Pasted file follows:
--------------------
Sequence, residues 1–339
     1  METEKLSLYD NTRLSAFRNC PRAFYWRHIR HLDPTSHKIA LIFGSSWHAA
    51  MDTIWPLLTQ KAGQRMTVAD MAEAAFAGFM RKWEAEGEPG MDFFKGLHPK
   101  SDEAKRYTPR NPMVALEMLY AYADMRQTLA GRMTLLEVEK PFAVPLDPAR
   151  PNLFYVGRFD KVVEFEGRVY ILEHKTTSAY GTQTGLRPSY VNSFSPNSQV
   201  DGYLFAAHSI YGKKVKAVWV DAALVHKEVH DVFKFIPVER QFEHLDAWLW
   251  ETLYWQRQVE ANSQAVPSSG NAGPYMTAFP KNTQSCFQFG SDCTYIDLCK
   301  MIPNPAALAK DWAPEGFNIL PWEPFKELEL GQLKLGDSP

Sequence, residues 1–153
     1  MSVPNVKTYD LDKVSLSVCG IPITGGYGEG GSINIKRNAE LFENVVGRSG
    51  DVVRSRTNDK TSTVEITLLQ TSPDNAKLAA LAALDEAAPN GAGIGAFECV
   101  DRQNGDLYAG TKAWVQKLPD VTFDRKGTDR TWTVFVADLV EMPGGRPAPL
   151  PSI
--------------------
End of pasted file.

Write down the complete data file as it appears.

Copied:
Sequence, residues 1–339
     1  METEKLSLYD NTRLSAFRNC PRAFYWRHIR HLDPTSHKIA LIFGSSWHAA
    51  MDTIWPLLTQ KAGQRMTVAD MAEAAFAGFM RKWEAEGEPG MDFFKGLHPK
   101  SDEAKRYTPR NPMVALEMLY AYADMRQTLA GRMTLLEVEK PFAVPLDPAR
   151  PNLFYVGRFD KVVEFEGRVY ILEHKTTSAY GTQTGLRPSY VNSFSPNSQV
   201  DGYLFAAHSI YGKKVKAVWV DAALVHKEVH DVFKFIPVER QFEHLDAWLW
   251  ETLYWQRQVE ANSQAVPSSG NAGPYMTAFP KNTQSCFQFG SDCTYIDLCK
   301  MIPNPAALAK DWAPEGFNIL PWEPFKELEL GQLKLGDSP

Sequence, residues 1–153
     1  MSVPNVKTYD LDKVSLSVCG IPITGGYGEG GSINIKRNAE LFENVVGRSG
    51  DVVRSRTNDK TSTVEITLLQ TSPDNAKLAA LAALDEAAPN GAGIGAFECV
   101  DRQNGDLYAG TKAWVQKLPD VTFDRKGTDR TWTVFVADLV EMPGGRPAPL
   151  PSI